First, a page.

In two filings submitted Friday, the nonresidents asked the court for a temporary restraining order and preliminary injunction against the city and its revenue collector, Gregory Daly, to undo the limits on nonresident refunds of the city's 1% earnings tax that the residents argue are unlawful and unconstitutional.
Mark Boles, Nicholas Oar, Kos Semonski and Christian Edward Stein III said Daly's guidance and additional documentation requirements for refund requests effectively limited tax refunds to nonresidents traveling for work and excluded individuals teleworking outside the city, violating the state and U.S. Constitutions.
The individuals asked the court to order that the city remove new document requirements for refund requests, arguing that the unconstitutional treatment would irreparably harm them and did not serve any public interest.
"Without change, there will be confusion within the public, more submission of multiple forms and due to the impending deadline, some taxpayers may never receive refunds of their pay withheld but not owed," the nonresidents said. "Those events would cause irreparable harm."
The case stems from a complaint filed in federal court March 29 by Boles, Oar and Semonski, who say they were denied tax refunds for 2020 after Daly issued new guidance and required additional documentation that effectively refused refunds to individuals teleworking outside the city.
They argue that distinguishing between nonresidents working outside the city and those traveling outside the city for business purposes was an arbitrary distinction without rational basis and that the city continues to violate their individual rights by denying refunds for tax already paid through withholdings by their employers.
The arguments presented in the latest filing are similar to those rejected by the federal court after Daly told the court that it lacked subject matter jurisdiction to reach the merits of a dispute involving state taxes. The nonresidents subsequently refiled the challenge in state court, which Mark Milton — who represents the individuals — previously told Law360 will avoid arguments related to subject matter jurisdiction.
Daly told the federal court that the individuals failed to show that they would suffer irreparable harm absent an order because the injury was monetary and could be compensated by state courts and that the harms his office would suffer from an order outweigh the harms claimed by the individuals.
Boles, Oar and Semonski seek to represent a class of nonresidents of St. Louis whose employers withheld the tax and paid it from Jan. 1, 2020, onward and who have been denied similar refund requests. Stein is also seeking to represent a separate class of similar nonresidents who have either not yet submitted a request or not sought a refund for days teleworking. Stein replaced a separate individual, Ross Henry, as a representative of the class.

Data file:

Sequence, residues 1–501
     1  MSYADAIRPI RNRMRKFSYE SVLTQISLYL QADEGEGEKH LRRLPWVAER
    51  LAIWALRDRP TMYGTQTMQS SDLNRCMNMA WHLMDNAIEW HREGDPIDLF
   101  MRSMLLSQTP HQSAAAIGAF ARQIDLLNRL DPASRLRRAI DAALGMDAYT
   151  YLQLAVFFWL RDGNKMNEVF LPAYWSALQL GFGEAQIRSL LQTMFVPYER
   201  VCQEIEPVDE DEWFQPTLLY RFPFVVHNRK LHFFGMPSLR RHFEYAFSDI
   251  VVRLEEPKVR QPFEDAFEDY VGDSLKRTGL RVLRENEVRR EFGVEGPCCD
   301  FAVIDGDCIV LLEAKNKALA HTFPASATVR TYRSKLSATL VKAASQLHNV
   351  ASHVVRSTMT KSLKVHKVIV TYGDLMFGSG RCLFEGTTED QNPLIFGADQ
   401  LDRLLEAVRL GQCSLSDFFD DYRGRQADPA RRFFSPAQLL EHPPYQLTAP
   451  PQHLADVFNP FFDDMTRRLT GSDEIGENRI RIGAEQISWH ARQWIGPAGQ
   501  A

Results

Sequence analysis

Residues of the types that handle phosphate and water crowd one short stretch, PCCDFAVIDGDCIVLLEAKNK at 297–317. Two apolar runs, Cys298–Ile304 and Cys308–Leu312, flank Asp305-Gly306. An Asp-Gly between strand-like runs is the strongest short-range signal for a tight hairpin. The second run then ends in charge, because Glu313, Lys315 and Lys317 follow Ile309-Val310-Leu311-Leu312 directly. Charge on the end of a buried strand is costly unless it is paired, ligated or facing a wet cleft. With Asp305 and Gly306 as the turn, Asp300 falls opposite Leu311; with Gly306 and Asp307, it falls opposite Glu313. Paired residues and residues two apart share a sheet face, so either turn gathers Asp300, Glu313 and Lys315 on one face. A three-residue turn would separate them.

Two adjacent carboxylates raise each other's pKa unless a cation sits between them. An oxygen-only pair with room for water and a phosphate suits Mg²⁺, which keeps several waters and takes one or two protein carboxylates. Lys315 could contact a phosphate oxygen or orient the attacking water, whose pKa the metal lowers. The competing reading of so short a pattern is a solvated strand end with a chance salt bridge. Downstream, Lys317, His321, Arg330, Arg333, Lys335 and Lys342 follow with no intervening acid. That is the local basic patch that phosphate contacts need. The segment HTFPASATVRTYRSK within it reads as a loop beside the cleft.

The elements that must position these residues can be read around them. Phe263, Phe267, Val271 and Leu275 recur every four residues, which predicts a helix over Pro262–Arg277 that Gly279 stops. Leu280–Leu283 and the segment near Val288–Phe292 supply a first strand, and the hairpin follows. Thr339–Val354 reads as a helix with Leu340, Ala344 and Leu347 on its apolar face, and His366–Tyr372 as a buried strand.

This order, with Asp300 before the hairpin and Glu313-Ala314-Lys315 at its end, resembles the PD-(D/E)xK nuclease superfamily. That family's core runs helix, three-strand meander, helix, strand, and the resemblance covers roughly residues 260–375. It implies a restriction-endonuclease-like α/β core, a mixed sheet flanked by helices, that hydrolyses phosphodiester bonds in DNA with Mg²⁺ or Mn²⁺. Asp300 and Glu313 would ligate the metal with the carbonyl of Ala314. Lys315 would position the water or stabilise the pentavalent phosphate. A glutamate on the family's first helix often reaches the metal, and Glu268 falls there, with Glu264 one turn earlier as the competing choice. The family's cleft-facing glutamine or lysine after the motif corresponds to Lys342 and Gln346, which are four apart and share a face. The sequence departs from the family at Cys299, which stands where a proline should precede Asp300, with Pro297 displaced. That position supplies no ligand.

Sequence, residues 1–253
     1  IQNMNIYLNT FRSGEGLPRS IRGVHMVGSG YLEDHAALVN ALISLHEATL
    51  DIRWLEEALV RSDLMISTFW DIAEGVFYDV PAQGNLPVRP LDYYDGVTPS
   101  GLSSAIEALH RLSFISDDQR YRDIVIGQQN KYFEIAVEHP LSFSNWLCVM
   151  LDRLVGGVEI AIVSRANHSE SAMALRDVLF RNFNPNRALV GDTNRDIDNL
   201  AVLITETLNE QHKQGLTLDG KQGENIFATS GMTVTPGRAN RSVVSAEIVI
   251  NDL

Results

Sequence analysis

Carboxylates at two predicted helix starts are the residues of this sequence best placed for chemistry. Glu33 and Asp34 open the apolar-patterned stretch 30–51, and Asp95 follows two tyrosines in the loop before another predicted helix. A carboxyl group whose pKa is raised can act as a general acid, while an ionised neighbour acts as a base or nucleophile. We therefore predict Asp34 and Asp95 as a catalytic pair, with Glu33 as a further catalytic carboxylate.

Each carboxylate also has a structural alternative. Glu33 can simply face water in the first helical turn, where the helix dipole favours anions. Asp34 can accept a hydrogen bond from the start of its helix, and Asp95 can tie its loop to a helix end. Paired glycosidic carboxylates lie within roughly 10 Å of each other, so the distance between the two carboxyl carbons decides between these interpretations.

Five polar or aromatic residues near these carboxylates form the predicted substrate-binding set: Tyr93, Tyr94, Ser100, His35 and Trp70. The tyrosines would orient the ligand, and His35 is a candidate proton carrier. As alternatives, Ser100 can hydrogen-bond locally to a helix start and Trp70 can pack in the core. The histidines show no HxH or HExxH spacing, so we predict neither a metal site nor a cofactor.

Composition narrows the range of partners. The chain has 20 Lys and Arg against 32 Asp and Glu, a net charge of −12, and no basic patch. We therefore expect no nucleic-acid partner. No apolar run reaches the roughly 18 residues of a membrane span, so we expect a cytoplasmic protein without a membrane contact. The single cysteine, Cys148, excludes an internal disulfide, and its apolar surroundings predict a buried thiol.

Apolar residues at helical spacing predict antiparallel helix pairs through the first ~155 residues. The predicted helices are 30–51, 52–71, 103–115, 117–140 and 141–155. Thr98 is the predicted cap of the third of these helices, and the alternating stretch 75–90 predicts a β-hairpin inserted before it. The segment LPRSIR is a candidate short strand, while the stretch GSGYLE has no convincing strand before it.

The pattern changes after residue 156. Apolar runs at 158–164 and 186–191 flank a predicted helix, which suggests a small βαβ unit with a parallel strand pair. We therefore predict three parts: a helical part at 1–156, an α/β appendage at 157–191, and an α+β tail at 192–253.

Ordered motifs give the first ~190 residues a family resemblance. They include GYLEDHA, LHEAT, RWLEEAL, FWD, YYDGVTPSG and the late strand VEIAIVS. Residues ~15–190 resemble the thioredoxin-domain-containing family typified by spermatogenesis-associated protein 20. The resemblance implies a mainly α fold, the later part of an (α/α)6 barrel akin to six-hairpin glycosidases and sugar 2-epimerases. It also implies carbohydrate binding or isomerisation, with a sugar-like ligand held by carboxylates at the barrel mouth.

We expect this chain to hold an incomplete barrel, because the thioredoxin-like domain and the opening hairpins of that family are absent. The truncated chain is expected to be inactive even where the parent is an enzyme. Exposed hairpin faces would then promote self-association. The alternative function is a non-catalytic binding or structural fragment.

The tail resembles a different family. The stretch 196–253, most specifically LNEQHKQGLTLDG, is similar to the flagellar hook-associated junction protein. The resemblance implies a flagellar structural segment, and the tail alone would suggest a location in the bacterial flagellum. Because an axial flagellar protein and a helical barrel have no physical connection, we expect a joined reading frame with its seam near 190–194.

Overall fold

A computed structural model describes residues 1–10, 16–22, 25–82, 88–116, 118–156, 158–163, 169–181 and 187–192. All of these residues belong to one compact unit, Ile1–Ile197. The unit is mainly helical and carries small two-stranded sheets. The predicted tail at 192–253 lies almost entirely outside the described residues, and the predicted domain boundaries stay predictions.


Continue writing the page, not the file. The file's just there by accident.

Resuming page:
The individuals are seeking damages equal to the tax paid for days worked out of the city and attorney fees. They are also asking the court to preliminarily enjoin the city to reinstate the old requirements for seeking a refund.
The city's guidance has raised concerns for state lawmakers. A state Senate panel approved legislation April 1 that would specify that cities with an earnings tax cannot impose it on workers who previously worked in the city but are currently telecommuting from outside the city. A similar House bill advanced April 19 after the chamber's tax-writing committee panned St. Louis' treatment of teleworkers.
The lawsuit was originally brought against the city under the administration of former Mayor Lyda Krewson, who was replaced by Mayor Tishaura Jones on April 20.
Bevis Schock, who is also representing the nonresidents, said in an email to Law360 that in addition to not having to fight a jurisdictional issue, the new request also includes Stein, who has not sent in the new form out of concern over the teleworking guidance.
In an email to Law360, Daly spokeswoman Susan Ryan said that the office would hold the same position it presented to the federal court.
A spokesperson for Jones did not immediately respond to requests for comment on Monday.
Boles, Oar, Semonski and Stein are represented by Mark Milton of the Milton Law Group and by Bevis Schock.
Gregory Daly is represented by David H. Luce and Zachary R. McMichael of Capes Sokol Goodman & Sarachan PC.
The city of St. Louis is represented by Michael A. Garvin and Robert H. Dierker of the city counselor's office
The case is Mark Boles et al. v. City of St. Louis et al., case number 2122-CC00713, in the Missouri Circuit Court for the City of St. Louis.
--Additional reporting by Daniel Tay and Paul Williams. Editing by Neil Cohen.
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